Your boss will likely be shocked that you're leaving, but will appreciate the advance notice. He'll then have the choice to act to try and retain you or find a replacement in time (which he wouldn't be able to do should you hand in your notice tomorrow).

Because it's a small company and because they rely on you there's little risk in this approach - they're not going to turn around and say "well just f**k off now then" because they'd be screwed.

I took a similar approach last time I changed jobs - explained that I had an interview, and just wanted to be upfront with my manager about it. He really appreciated it and I left on good terms.



#3 at 12:48:30 - 06/11/2007
nekotcha
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Sounds like you've given them more than you've been paid for, so they can hardly complain when you decide to look for something else, and even more than that, they owe you, not the other way round. It's hard leaving somewhere close-knit but anyone who starts making you feel bad for leaving, or making out that you'll be responsible for projects going wrong by doing so isn't playing fair. It's the job of a manager to account for people leaving and ensure the project can get done in spite of that, so it's their responsibility, not yours.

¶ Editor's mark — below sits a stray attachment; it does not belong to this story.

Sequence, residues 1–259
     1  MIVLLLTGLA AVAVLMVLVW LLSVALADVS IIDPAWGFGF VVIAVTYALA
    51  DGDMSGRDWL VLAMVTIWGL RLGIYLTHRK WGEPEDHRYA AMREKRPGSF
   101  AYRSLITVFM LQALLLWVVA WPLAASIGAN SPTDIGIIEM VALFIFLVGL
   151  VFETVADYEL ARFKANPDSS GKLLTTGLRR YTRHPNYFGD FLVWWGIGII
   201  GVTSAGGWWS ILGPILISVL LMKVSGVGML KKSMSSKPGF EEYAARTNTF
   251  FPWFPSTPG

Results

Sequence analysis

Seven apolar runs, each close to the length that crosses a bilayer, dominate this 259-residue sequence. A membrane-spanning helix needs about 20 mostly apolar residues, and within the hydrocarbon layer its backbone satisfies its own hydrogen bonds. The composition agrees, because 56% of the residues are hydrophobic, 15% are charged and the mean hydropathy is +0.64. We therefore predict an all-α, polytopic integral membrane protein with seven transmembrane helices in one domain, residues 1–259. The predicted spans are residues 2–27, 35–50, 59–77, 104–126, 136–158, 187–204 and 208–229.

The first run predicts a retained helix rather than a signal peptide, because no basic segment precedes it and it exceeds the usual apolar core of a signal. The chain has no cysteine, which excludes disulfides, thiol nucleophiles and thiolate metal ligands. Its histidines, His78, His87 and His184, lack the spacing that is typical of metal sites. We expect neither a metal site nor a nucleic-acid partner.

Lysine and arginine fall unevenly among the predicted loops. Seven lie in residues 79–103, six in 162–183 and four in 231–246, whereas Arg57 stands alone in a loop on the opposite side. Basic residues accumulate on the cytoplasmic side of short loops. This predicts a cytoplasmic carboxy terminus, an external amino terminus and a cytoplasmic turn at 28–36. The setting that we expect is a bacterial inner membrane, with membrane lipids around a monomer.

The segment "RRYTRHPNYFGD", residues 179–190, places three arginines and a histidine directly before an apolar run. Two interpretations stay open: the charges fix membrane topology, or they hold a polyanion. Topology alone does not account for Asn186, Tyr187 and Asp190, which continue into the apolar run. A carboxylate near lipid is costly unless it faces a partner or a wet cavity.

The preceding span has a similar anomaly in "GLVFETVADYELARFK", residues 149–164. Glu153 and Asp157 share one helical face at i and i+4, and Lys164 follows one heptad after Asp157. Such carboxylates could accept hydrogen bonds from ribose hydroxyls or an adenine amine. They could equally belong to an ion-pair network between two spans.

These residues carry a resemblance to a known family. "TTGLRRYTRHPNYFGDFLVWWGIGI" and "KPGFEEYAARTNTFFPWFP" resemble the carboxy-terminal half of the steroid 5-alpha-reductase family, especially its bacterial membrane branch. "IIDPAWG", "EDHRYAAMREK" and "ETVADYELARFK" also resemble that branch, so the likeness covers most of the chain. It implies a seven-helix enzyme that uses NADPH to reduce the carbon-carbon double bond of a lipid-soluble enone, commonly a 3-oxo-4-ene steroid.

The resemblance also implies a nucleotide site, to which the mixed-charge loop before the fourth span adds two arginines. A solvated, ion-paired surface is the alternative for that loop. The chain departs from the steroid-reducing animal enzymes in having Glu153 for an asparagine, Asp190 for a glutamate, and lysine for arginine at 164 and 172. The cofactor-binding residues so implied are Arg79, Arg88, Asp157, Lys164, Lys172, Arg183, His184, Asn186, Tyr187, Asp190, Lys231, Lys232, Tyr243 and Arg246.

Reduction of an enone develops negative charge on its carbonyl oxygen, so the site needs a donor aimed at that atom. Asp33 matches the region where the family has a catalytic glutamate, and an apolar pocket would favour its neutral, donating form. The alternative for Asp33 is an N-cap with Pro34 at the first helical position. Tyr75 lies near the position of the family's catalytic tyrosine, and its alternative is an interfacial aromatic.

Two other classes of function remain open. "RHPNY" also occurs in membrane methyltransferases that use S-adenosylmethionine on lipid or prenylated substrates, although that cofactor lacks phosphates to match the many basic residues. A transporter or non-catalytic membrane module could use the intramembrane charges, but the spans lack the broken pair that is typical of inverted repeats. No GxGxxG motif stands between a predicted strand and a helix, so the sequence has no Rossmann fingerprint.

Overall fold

#4 at 13:51:35 - 06/11/2007
strangeed
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Legion said:This is an easy one. Tell them you're applying for jobs now. Honestly, it's the best approach. Have a meeting your your/the boss and explain your issues (you want to progress your career, feel this have stagnated, would like more responsibility, better recognition in the paycheque), say that you really enjoy working here and would hate to leave them in the lurch which is why you're forewarning them that you are looking at other possibilities. Also explain that you're happy to continue to help out of hours should you find another position.

Your boss will likely be shocked that you're leaving, but will appreciate the advance notice. He'll then have the choice to act to try and retain you or find a replacement in time (which he wouldn't be able to do should you hand in your notice tomorrow).